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Reverend Griffith Hughes (1707-58)

The Natural history of Barbados, in ten books / by Rev. Griffith Hughes 1750

vii, 314, [20] p., 30 leaves of plates (1 folded) : ill., maps (some hand col.) Includes index | 42.5 cm (Height) x 5.5 cm (Depth) (book measurement (conservation)) | RCIN 1081286

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  • Bound in red sheepskin (?) by John Brindley, with gold tooling and green onlays. Arms of Frederick Prince of Wales to centre, motto ICH DIEN has been tooled over with six small six-petalled flowers. Gold fillet frame border with green onlays to inside corners, with decoration made up of individual tools of leaves, two sizes of three-fingered pointers, five-petalled flowers, small six-pointed stars, six-petalled daisies, curved 'stems', circle tools and a square cross shape. Outside which, a decorative border comprised of gold chain roll tool, with floral tool decoration to each corner, and onlays of green leather overtooled with acorns, three-fingered pointers, cogs and acorns. Gold fillet border. Outside edges and turn-ins decorated with distinctive Brindley roll of flowers and rectangles. Rebacked with new spine, in seven compartments with original tooling pasted over, of same shape as found with green overlays on exterior border of front and back boards, and title to second compartment HUGHES'S NATURAL HIST. OF BARBADOS.

    Griffith Hughes was appointed rector of St Lucy's Barbados in 1736, where his prolonged stay (until at least 1748) gave him the opportunity to carry out research into the natural history of the island. During a visit to England in 1743 he made the acquaintance of many of the leading scientists of the day, including Sir Hans Sloane (who had visited the area in 1687–8 when physician to the Duke of Albemarle, Governor of Jamaica), and promoted his idea of a publication based upon his research. Georg Dionysius Ehret, the renowned botanical artist, made plates for the publication (his name appears on twelve of the 29), Thomas Jefferys, Geographer to the Prince of Wales, engraved a map of the island, and the whole was paid for by an impressive list of subscribers. The King, the Prince and Princess of Wales and the Duke of Cumberland head the list, while the Prince, Princess and Duke each received the dedication of one of the hand-coloured plates. As a mark of support from the scientific community Hughes was made a Fellow of the Royal Society in 1748, and received both a BA and an MA from St John's, Oxford (his old college). Philip Miller, Ehret's brother-in-law and head of the Chelsea Physic Garden 1722–70, wrote 'Explanatory Notes of all Botanical and Technical Terms made use of in the foregoing Work'. On publication the work was described as lacking accuracy and scholarship, but Hughes had achieved a number of firsts, including the description of a grapefruit, which he called 'The Forbidden Fruit', and the coining of the phrase 'yellow fever'. His observations throughout were based upon personal or reliable witness: "This I can with Truth say, that I have not represented one single Fact, which I did not either see myself, or had from Persons of known Veracity".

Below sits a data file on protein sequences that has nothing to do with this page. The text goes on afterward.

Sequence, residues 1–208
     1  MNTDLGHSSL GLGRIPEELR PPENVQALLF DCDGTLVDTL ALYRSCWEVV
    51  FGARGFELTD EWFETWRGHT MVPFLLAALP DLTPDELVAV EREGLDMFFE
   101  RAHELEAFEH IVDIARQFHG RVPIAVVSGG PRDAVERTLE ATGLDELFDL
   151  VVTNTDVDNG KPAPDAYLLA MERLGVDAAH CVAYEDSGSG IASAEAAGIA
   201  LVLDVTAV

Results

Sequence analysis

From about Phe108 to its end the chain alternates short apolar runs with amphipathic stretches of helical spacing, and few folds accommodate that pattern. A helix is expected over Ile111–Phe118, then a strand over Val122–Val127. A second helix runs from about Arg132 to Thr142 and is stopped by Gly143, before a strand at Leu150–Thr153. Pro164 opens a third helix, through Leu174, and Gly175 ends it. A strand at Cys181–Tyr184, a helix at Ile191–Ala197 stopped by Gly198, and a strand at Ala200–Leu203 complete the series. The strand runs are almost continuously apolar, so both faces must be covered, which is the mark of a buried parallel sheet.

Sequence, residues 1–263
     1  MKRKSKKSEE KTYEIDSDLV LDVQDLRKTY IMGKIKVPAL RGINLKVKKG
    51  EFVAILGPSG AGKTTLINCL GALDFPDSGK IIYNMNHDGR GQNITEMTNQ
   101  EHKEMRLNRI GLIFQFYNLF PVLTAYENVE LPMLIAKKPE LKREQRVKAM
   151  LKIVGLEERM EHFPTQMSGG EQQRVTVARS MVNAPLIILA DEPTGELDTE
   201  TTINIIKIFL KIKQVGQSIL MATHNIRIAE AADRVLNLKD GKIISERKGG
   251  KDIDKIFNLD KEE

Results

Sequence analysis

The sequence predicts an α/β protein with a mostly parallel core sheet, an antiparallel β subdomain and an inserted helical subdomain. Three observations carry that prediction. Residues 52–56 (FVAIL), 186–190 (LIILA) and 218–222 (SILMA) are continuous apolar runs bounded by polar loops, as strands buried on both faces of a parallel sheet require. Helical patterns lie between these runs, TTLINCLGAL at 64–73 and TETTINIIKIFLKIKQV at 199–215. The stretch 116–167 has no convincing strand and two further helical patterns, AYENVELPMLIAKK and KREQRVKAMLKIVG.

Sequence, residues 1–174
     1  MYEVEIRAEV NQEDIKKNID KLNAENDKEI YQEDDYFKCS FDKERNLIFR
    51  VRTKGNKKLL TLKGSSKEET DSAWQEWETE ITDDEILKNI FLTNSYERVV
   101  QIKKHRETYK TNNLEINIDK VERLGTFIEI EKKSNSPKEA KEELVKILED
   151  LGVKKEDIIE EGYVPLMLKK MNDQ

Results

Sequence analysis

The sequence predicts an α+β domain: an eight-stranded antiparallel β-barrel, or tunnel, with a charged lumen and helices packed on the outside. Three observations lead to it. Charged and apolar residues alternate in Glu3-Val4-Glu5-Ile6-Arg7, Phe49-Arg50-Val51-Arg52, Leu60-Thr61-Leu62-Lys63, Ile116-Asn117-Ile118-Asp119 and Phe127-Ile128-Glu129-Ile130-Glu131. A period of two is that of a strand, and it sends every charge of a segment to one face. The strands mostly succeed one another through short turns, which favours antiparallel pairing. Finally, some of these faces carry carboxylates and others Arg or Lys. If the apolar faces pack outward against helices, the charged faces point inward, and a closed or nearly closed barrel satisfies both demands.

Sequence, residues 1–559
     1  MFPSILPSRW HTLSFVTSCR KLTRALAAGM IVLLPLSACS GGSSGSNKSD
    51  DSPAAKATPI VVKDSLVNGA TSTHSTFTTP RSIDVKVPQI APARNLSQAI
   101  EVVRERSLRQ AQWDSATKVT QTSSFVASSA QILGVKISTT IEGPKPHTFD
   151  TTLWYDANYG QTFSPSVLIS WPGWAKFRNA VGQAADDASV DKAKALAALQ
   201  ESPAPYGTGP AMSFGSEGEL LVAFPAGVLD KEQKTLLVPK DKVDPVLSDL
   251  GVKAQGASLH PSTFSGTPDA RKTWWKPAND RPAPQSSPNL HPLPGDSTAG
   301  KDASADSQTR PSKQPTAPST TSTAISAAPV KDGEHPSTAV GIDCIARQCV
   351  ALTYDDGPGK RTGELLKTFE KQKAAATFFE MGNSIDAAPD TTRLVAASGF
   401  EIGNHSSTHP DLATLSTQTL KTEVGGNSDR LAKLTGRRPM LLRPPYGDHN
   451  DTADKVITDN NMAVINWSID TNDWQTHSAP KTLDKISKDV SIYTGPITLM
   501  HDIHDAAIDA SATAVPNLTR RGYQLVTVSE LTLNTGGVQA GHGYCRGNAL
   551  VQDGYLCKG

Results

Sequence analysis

Text adapted from 'The First Georgians: Art and Monarchy 1714 - 1760', London, 2014

    Provenance

    Bound for Frederick, Prince of Wales (1707-1751); in George III’s Cumberland Lodge Library from c.1780

  • Medium and techniques

    vii, 314, [20] p., 30 leaves of plates (1 folded) : ill., maps (some hand col.) Includes index

    Measurements

    42.5 cm (Height) x 5.5 cm (Depth) (book measurement (conservation))

    42.5 x 5.5 cm (book measurement (inventory))